A 1965 film by Richard Lester, a comedy shot in glorious black and white, continuing the youthful, fast-paced whimsy of A Hard Day's Night, but minus The Beatles; The Knack (as it has also been known over the years) is from the "Swinging London" era of film comedy that influenced the retro aspects of an Austin Powers. One flatmate (Tolen, swinging-Mod possessor of The Knack) instructs another (Colin, played by a young, dweeby Michael Crawford) on the fine art of bedazzling and bedding a bird, or at least he tries. A little. Rita Tushingham played the potential test case in this outpost/laboratory of the Sexual Revolution.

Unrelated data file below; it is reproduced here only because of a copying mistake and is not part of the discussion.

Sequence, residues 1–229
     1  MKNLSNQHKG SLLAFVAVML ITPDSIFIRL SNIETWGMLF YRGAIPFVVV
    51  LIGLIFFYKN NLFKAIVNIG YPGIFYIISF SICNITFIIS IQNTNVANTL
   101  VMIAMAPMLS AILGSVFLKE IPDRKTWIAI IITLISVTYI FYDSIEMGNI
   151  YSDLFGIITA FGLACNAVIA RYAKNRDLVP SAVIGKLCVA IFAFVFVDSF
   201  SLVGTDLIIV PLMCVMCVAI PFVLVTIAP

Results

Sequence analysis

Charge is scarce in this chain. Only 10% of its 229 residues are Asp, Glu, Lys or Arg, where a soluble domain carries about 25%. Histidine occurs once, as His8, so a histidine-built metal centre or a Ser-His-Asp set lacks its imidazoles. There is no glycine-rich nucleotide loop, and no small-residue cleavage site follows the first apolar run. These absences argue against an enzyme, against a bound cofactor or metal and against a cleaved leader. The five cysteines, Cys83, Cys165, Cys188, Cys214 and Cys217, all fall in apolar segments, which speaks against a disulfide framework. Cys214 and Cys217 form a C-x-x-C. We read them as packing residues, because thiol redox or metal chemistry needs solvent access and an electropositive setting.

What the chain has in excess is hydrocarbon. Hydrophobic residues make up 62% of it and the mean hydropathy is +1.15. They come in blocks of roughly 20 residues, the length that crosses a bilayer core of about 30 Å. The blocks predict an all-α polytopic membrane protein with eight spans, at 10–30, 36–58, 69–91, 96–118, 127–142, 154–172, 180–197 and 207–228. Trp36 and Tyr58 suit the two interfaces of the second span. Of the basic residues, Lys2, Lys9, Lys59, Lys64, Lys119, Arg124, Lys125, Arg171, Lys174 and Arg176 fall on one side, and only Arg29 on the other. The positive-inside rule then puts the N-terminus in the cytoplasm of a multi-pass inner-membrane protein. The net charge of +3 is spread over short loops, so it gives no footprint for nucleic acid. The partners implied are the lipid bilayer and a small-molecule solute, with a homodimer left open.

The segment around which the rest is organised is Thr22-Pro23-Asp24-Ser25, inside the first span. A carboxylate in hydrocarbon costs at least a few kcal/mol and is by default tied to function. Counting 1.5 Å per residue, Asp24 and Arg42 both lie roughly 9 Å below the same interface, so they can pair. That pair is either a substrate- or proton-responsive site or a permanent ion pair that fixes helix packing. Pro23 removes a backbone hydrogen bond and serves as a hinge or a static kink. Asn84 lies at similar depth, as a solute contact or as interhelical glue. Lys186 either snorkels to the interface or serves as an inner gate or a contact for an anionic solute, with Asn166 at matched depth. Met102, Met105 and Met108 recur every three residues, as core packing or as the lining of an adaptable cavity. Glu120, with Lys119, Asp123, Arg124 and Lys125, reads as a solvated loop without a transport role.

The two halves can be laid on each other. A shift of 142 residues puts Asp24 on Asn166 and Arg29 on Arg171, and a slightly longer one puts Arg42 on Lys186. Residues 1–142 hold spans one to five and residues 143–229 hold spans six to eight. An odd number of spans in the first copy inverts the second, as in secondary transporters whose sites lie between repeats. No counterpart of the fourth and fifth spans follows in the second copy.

It won the Palm D'Or (a Good Thing®) at the '65 Cannes Film Festival. Soundtrack by John Barry, but not one for the ages - you'll find no James Bondisms here; Jane Birkin, who had a small part, later became Mrs. Barry. A slightly similar, Americanized version, came a year later: The Pad, and How to Use It.

Part of the not-quite-Beatles "mystique" of The Knack allegedly involved naming themselves after this film, but it's just another rock urban legend; Doug Fieger actually found "knack" by combing through a dictionary.

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